They were artists, filmmakers, intellectuals, and Wall Street bankers. And in 1914, these American men volunteered to fight in the First World War alongside the French army, a full three years before the United States even entered the war.
In total, volunteer forces numbered around more than 200. As the US commemorates the centennial of their entry into the WWI on April 6th, 2017, the stories and memories of these brave men linger.
“In 1914, a lot of Americans wanted to do something to help fight Germany,” explains historian Kevin C. Fitzpatrick, author of the book World War I: New York (Globe Pequot). “The ties between the US and France were very strong, and it had only been 30 years after France had given the Statue of Liberty to the American people as a gift.”
In August 1914, a reporter at the New York Herald, George Casmèze, called for “all foreign friends of France” in an article. In just a few days, a large number of Americans responded to his call to action.
These volunteers went to fight alongside their French comrades on the battlefield. They took other jobs too, driving trucks and ambulances. “Others organized fundraisers and visited hospitals,” said Fitzpatrick. “For these men, there was a desire for adventure, to participate in the war, to be a part of something bigger.”
The thirst for adventure attracted American LeRoy Baldridge, then 25 years old. Joining the war in France in 1914, he drove trucks, worked as a stretcher-bearer, helped supply soldiers with ammunition, and finally, found himself on the battlefield. What Baldridge saw, he drew. In 1917 when the US entered the war, he became an illustrator. His sketches were published in a number of weekly American magazines.
Sidney Rankin Drew, an American actor, director, and distant cousin to Drew Barrymore, went to battle in France in 1917. After first being an ambulance driver, Drew took flying classes and became a volunteer in the Lafayette Escadrille, an aviation unit composed exclusively of American pilots. He died in 1918, at the age of 26 years old. A monument in Central Park, New York was erected in his memory.
Financed by American Francophiles, the Lafayette Escsadrille was a small group of Americans with an unmoving determination to defend France. It’s no wonder their story has been adapted multiple times for the big screen. Under French command, the squadron proudly represented their home country with an emblem––the profile of an American Indian––painted on their aircrafts. These American men wanted to make their engagement in the war known to the US, in hopes of influencing them to rethink their neutrality.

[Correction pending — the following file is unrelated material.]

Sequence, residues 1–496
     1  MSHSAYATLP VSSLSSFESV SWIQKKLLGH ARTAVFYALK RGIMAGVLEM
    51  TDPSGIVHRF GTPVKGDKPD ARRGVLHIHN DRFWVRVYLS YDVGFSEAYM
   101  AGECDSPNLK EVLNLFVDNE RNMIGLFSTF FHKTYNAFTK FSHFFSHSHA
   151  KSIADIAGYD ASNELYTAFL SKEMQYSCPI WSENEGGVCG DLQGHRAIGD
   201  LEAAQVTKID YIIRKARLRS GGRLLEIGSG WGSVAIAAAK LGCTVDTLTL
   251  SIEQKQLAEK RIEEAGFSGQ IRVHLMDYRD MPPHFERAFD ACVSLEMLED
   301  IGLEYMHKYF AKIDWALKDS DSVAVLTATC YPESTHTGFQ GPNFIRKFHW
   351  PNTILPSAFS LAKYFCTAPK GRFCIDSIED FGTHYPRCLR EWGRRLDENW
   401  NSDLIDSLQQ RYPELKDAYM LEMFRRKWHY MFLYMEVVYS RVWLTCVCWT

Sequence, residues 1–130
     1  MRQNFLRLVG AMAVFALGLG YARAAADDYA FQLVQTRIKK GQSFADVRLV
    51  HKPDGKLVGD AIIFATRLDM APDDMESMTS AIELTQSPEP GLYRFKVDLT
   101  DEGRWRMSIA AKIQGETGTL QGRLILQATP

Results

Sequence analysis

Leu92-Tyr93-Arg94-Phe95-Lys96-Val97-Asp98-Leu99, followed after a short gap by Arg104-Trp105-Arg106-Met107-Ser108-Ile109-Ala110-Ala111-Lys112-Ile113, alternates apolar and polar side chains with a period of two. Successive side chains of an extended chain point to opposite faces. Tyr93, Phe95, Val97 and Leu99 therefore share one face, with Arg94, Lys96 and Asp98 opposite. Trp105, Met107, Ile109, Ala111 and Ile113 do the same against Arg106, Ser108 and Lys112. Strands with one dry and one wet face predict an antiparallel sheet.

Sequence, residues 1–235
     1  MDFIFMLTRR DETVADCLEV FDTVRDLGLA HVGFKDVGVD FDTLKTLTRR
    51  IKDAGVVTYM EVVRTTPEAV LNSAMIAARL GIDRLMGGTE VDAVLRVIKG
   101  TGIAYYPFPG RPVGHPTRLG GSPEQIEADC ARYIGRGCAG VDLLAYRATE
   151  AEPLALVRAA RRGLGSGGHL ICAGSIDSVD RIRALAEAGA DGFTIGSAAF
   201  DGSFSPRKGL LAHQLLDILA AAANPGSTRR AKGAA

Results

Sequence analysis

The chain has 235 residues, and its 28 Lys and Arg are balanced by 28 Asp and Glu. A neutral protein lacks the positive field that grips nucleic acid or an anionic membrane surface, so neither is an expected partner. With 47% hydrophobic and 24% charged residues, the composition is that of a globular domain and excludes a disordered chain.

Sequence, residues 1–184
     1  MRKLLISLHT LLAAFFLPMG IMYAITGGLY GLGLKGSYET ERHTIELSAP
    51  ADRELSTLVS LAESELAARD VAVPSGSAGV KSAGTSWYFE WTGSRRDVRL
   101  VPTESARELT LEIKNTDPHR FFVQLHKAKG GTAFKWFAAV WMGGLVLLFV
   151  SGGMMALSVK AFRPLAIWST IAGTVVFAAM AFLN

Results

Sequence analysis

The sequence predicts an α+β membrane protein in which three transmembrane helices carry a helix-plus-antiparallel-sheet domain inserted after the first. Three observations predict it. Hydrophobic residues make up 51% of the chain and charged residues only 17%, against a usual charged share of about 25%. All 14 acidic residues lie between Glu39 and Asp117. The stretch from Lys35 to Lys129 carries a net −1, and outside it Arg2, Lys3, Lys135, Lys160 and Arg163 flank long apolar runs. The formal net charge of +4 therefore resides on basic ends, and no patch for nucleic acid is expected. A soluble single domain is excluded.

“These volunteers were seen as heroes back home,” Fitzpatrick explained. “Their actions played a small, but significant role in the US’s decision to enter the war.”
Norman Prince was one of the founders of the Lafayette Escadrille. In 1916, Prince, who was a Harvard law-graduate and the son of two Francophile parents, pressured French authorities to allow the creation of his squadron of pilots.
“When the war began, [Prince] was devastated by what was happening in France. He couldn’t stand the isolationist politics of the US,” explained Daisy Prince, Prince’s great-grand-niece from New York, who was reachable through the WWI Centennial Commission. Norman’s brother Fredrick Prince (Daisy’s great-grandfather) also volunteered to fight in the war as a pilot.
“They were both so brave. They believed strongly in their cause. They defended their friends, even when it wasn’t their country they were were defending,” Daisy Prince stated.
Norman Prince was involved in 122 aerial battles. He died in October 1916, in a fatal crash-landing in Vosges as he was returning from a mission. He is buried in a tomb in the National Cathedral of Washington.